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Linux Monitor

The Linux monitor uses a variety of commands (such as sar and iostat) over SSH or telnet to collect measurements from a monitoring target running Linux.

Monitoring connection settings for Linux in Eggplant Performance

For information about the Poll Interval and Injector fields, refer to Connection settings.

Whichever connection method is used, the user account must have permission to run the Linux commands: vmstat, free, iostat, sar and df. Depending on the measurements collected during the test, multiple telnet or SSH sessions might be opened with the same user account.


You might need to open TCP port 22 or 23 on any firewalls between the injector machine and the monitoring target.

There are three options for configuring a connection to a monitoring target running Linux:

Connection using Telnet

Specify a TCP port for connecting to telnet on the monitoring target. The default port is 23.

Specify a username and password.

Connection using SSH and password

Specify a TCP port for connecting to ssh on the monitoring target. The default port is 22.

Specify a username and password.


Be aware that if you are trying to monitor a Linux AWS instance, AWS EC2 disables SSH password authentication by default. Configure it manually, or use the private key file method described below.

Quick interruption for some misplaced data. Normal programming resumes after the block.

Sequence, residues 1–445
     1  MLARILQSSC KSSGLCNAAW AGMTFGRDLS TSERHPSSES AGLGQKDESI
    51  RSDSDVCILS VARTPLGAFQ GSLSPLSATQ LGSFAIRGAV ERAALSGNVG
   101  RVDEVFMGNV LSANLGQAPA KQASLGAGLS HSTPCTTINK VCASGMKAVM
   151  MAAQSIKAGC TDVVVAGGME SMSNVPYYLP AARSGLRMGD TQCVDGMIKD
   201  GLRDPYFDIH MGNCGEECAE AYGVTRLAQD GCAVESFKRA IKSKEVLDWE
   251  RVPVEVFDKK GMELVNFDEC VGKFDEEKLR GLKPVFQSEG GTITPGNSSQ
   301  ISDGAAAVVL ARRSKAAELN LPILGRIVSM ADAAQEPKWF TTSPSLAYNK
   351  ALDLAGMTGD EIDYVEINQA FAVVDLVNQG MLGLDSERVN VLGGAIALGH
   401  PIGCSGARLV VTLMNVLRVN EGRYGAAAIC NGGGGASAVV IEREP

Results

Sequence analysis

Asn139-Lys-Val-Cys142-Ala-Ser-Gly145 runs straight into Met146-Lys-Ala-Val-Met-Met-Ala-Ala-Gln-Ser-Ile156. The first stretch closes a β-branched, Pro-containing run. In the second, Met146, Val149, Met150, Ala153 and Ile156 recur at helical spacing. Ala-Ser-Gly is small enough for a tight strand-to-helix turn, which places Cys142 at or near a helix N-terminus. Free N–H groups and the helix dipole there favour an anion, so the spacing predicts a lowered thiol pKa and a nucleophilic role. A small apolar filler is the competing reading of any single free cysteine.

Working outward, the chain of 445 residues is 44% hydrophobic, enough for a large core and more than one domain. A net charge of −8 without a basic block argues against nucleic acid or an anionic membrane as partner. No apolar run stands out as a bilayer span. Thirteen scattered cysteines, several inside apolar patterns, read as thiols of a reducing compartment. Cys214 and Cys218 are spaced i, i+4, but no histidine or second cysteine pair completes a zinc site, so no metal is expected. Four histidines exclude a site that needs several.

Connection using SSH and Private Key File

Specify a TCP port for connecting to ssh on the monitoring target. The default port is 22.

To connect using SSH, you can provide a private key file. This is a file generated by a program such as ssh-keygen or PuTTYgen. The private key resides on the computer from which the connection is made. It should have a public key counterpart which is stored in ~/.ssh/authorized_keys on the remote computer (the monitoring target).

If the private key file is protected with a passphrase, enter it into the Passphrase box. Otherwise leave it blank.


When you select a private key file, it will be copied into the keyfiles folder in your workspace. When you run a test, the private key file will be copied to the File transfer repository (usually C:/fcCache) on the injector machine. These copies are not deleted after the test, so it is your responsibility to remove unused private key files to protect the security of the system under test.